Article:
In this post you will find some excellent information about dealing with guilt as it relates to caring for aging parents; although this could also be applicable to other caregiving situations. Lynne Coon, M.S., is a Licensed Professional Counselor and you can learn more about her services on her website: www.caringforagingparents.com. She specializes in helping caregivers in general, but more specifically, helps adults with aging parents cope with the emotional and practical aspects of care giving. She has written an excellent article: “Guilt Can be Harmful When Caring for Aging Parents.” I appreciate her permission to post excerpts from it here.
“When the needs of aging parents increase, adult children often experience a range of emotions. This article will focus on guilt.
Below are the most common worries adult children have concerning their aging parents. The next two examples will describe the adult children’s response to these worries, the reactions from their parents and a suggestion for another way of dealing with these feelings of guilt.
#1 Mom or Dad may come to some harm and I’ll feel terrible, or others will think badly of me.
Adult children often see only one option when they feel guilty about their ability to keep their parent safe: to tell them what to do and doing this with the best of intentions. However, the number one fear of older adults is losing their independence and often, adult children trigger that fear when they tell their elderly parents what to do.
Aging parents usually react to being told what to do in one of two ways:
- They become less willing to share information about their health or struggle to continue to live independently. The result is typically some sort of accident or crisis, exactly the outcome the adult child was hoping to prevent.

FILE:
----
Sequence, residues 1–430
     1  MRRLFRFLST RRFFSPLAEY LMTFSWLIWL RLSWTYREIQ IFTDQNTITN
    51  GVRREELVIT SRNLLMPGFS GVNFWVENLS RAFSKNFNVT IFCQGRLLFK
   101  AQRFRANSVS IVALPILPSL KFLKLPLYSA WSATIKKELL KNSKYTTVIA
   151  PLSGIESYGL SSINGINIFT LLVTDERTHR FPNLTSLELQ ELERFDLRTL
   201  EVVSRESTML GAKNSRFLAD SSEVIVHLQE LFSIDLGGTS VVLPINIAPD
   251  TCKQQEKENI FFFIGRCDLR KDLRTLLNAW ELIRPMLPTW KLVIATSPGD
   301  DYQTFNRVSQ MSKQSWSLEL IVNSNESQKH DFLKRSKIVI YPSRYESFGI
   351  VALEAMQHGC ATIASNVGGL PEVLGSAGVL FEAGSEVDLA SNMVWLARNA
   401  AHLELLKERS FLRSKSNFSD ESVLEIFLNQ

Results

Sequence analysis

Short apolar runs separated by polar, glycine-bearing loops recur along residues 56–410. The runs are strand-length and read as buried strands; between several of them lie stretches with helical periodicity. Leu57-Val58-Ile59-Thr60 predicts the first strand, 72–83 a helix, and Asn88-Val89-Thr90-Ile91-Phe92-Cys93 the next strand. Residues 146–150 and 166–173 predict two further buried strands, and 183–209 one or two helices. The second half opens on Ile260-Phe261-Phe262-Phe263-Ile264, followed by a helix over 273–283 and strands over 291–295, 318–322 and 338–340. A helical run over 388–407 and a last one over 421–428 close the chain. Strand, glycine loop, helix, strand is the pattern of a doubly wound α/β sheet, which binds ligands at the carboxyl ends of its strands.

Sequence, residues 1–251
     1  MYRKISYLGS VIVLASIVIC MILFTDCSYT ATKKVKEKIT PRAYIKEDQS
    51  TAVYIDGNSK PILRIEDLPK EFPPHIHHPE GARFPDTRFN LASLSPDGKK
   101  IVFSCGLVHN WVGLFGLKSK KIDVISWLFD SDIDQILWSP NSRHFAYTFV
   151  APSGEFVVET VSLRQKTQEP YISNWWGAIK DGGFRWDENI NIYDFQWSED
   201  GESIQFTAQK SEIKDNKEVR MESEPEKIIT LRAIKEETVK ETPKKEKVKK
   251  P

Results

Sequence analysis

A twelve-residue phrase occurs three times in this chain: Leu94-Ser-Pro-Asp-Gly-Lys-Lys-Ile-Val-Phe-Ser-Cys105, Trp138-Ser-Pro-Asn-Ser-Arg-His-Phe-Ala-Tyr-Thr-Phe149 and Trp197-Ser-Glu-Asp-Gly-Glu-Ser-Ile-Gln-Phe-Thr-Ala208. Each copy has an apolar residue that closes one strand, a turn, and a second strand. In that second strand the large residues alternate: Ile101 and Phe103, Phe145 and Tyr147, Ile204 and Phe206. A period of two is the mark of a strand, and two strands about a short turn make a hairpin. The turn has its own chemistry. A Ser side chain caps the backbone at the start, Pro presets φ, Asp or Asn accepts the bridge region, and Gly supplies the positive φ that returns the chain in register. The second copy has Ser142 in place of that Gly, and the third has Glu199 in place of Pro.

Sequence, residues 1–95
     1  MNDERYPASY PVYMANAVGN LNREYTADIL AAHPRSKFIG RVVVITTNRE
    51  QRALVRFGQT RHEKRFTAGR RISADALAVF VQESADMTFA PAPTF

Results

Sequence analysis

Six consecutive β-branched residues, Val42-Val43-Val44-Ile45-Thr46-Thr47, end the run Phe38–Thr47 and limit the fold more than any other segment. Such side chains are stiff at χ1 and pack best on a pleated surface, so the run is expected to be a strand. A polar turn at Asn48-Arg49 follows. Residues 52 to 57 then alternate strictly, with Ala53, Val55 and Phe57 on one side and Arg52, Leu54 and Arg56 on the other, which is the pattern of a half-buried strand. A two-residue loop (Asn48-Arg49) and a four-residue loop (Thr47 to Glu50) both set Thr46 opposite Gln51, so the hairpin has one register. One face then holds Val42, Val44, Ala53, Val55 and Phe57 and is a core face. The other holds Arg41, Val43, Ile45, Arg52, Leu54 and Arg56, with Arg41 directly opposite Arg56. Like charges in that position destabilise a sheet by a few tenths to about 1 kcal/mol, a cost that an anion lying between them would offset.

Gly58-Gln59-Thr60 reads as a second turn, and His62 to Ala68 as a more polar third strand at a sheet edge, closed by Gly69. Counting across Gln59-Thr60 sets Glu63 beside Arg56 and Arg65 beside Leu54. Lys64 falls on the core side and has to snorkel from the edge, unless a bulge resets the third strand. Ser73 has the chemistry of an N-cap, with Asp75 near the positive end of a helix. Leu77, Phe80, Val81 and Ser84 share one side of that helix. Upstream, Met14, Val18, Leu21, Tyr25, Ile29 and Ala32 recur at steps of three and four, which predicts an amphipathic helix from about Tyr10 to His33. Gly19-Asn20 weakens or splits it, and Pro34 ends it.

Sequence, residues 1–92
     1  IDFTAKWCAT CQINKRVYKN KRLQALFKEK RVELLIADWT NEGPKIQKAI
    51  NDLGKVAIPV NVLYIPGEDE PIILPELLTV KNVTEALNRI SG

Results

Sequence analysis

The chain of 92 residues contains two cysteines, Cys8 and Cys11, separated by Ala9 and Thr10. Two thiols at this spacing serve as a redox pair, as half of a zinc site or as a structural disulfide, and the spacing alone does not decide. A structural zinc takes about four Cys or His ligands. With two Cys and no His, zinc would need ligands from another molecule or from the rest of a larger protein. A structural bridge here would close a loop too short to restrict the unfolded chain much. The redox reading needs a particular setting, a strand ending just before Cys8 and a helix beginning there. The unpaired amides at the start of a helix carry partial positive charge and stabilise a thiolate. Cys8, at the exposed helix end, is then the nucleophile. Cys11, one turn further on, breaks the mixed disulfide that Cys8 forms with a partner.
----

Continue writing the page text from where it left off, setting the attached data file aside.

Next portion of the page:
- They give in to their kids’ demands and go along to get along. They may become unhappy, depressed and withdrawn.
Try a different, three-pronged, approach:
- Share your concerns with your parents. Use “I” as much as possible since the word “you” tends to make others defensive and they stop listening.
- Ask your parents for their ideas on how to solve the problem. This step is a process. It’s unrealistic to expect that one conversation is all it will take to arrive at a solution.
- Be willing to compromise. Is it more important that your parents make some changes or that nothing changes? Listening and respecting your parent’s opinions can also increase the chances they’ll be willing to make further changes in the future.”
#2 Mom or Dad will feel abandoned if I don’t call or visit frequently.
This belief is especially common when a parent moves into assisted living or an extended care facility. The stage may also be set for this if, when your parent was still living independently, you needed to check in often to see how they were doing or to provide help.
- Mom or Dad doesn’t make friends or get involved in activities or events where they live. They may become dependent on their kids for entertainment and socialization and understandably, rely on them more.
- The adult child can’t keep up the frequent visits; they feel trapped when they see how much Mom or Dad depends on them and then become resentful.
- Time spent with aging parents isn’t enjoyable; it’s a chore.
When a parent first moves into a new living situation, visiting a few times every week, or checking in by phone can be helpful, for the first few weeks, as they adjust. Ask: how they’re settling in, about activities they’re taking part in, and about any new friends they’re making.
If you find that your parent is not getting out, discuss this with the Administrator or other pertinent staff at the living location. Enlist their help in getting your parent involved rather than taking it on yourself. At the same time, slowly taper visits down to an amount that is realistic to maintain and that allows you to enjoy the time you spend with your parent.
If you’ve already set the expectation that you will visit often, consider sharing with them how much difficulty you’re having meeting all your obligations and ask their permission to visit less. There are two reasons to approach it this way.
- 1. They may be relieved that you won’t be coming as often
- 2. You’re asking for their help and parents generally want to help their children
Helping parents as they age is challenging. Most adult children have the best of intentions when they provide help. Becoming aware of what motivates your behavior and that of your parents can reduce the stress on all of you and help to keep communication channels open.” Thank you, Lynne, for the informative content.
“If at first you don’t succeed, try, try again” William E. Hickson